Joanna and Michael Reed (Keira Knightley and Sam Worthington), a young and affluent Manhattan couple, are the sort of loft-living folk we see a lot of in today’s New York movies – in other words, people you want to be, but are glad you aren’t. Things start to fray, at least officially, when Joanna confronts Michael about a crush he may (or may not) be having with Laura (Eva Mendes), a business associate he’s been going out of town with.

What follows is a vaguely familiar riff on the jealousy ronde. We’ve all been there, in movies and in life, and for a good part of Last Night it’s tough to figure out why we’re back. But I was glad we were. Keira Knightley, who seems to grow more intelligent with every movie, takes such fearful pleasure in running into and then going out with Alex (Guillaume Canet), her ex-boyfriend, that watching her try to make up her mind, one forgets, at least temporarily, that there is still another half of the picture waiting in the wings. That half – the will they or wont they dance of Sam Worthington and Eva Mendes – lacks the spark of real attraction, the quiet glinting looks and bashful smiles Knightley and Canet plugged into the moment they appeared together on screen.

But my mind kept going back to the rally on the red carpet. Were they still holding out?

The Dolce Life

The best view of the red carpet, I realized, was from above.

Browsing the bleachers a full hour before even the press arrived for The Rome Film Festival’s world premiere restoration of La Dolce Vita, I decided, finally, on a front row seat next to a shrunken woman of about seventy. Surrounded by blankets and snacks and cigarettes, she looked like she had been waiting all day. “No Scorsese?” she asked as I sat down beside her. (Scorsese was scheduled to introduce the film.) I told her it was still early. He’d be here. Disgusted, she threw up her hands. “No Scorsese, no cinema!” I’m not quite sure I agree, but it’s hard to disagree.

Fifty years after La Dolce Vita’s original release, the film has been restored from its original widescreen negative for the clean up of a lifetime. The premiere, which was itself a thing out of Fellini – from Nino Rota on the loudspeakers to the paparazzi on the floor – saw an avalanche of beautiful stars that all looked liked twins, save for one. Early in the parade, before things got too frenzied, a black car stopped as close to the carpet as it possibly could, a policeman flew to the door, opened it (slowly), reached in, and out came a cane, a foot, and then the rest of Anita Ekberg. The place went nuts.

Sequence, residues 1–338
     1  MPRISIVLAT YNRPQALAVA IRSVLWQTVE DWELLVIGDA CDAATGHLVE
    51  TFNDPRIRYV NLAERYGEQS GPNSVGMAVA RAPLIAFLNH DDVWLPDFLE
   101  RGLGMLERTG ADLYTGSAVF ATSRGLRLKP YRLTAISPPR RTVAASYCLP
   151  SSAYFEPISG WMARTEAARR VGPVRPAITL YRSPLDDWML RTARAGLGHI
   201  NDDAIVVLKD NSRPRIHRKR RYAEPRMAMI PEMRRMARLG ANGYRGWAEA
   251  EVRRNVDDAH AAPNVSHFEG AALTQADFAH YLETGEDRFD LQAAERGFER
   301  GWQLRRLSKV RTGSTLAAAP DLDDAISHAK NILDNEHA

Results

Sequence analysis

As the new stars began to appear, with their smiles and waves and tastefully torn clothing, the mighty Ekberg limped wryly toward the press line, accentuating every labored step with a grande sigh. She had a lot of carpet to walk, and watching her fight it, prodding it with her cane and laughing all the while was a thrill even the most immaculately restored La Dolce Vita would not likely upstage. Moreover, Ekberg was the only woman on the red carpet with a purse slung over her shoulder, as if she had just came from lunch. How could you not love that?

I moved inside the theater to watch the rest of the arrivals on the big screen, in close up. There I rediscovered Ekberg’s entire face. Tickled, I found her jack-o-lantern smile, enormous eyes, and high-pointed eyebrows told of a darker, wittier person than I remembered from the movies. But I have a good defense: after the Trevi Fountain scene, all you can do is remember the Trevi Fountain scene.

The camera then drifted away from Anita (what would have Fellini have done with a Steadicam?) to Scorsese, and the entire theater erupted in applause and cheers, and then immediately hushed to hear what he had to say. At that moment someone behind me whispered, “You don’t have to be tall to be big.” In other words, No Scorsese, no cinema.

Once the little giant entered the building, things started to move quickly. There were a few introductions and some clips before Anita Ekberg was brought out on stage (with purse) to remember the filming, which she did with sardonic glee. I’m not sure, but she may have cackled. In fact, Ekberg got so gleeful she didn’t even see the cortege of stagehands that had gathered to signal her time was up. So she went on, gleefully, and as her enthusiasm grew, they moved closer, until finally the cluster was on stage, practically standing beside her. Even then she didn’t see them. So deep was her Fellini trance, they had to literally, almost physically, interrupt her sentence to bring her back to the present. It was glorious.

Then Scorsese. Watching La Dolce Vita, he said, is like the dream sequence – Guido freefalling – that opens 8 ½. “You feel like you’re flying,” he said. “At times it’s frightening or even terrifying. But at the same time it’s liberating.” In other words, no Fellini, no cinema.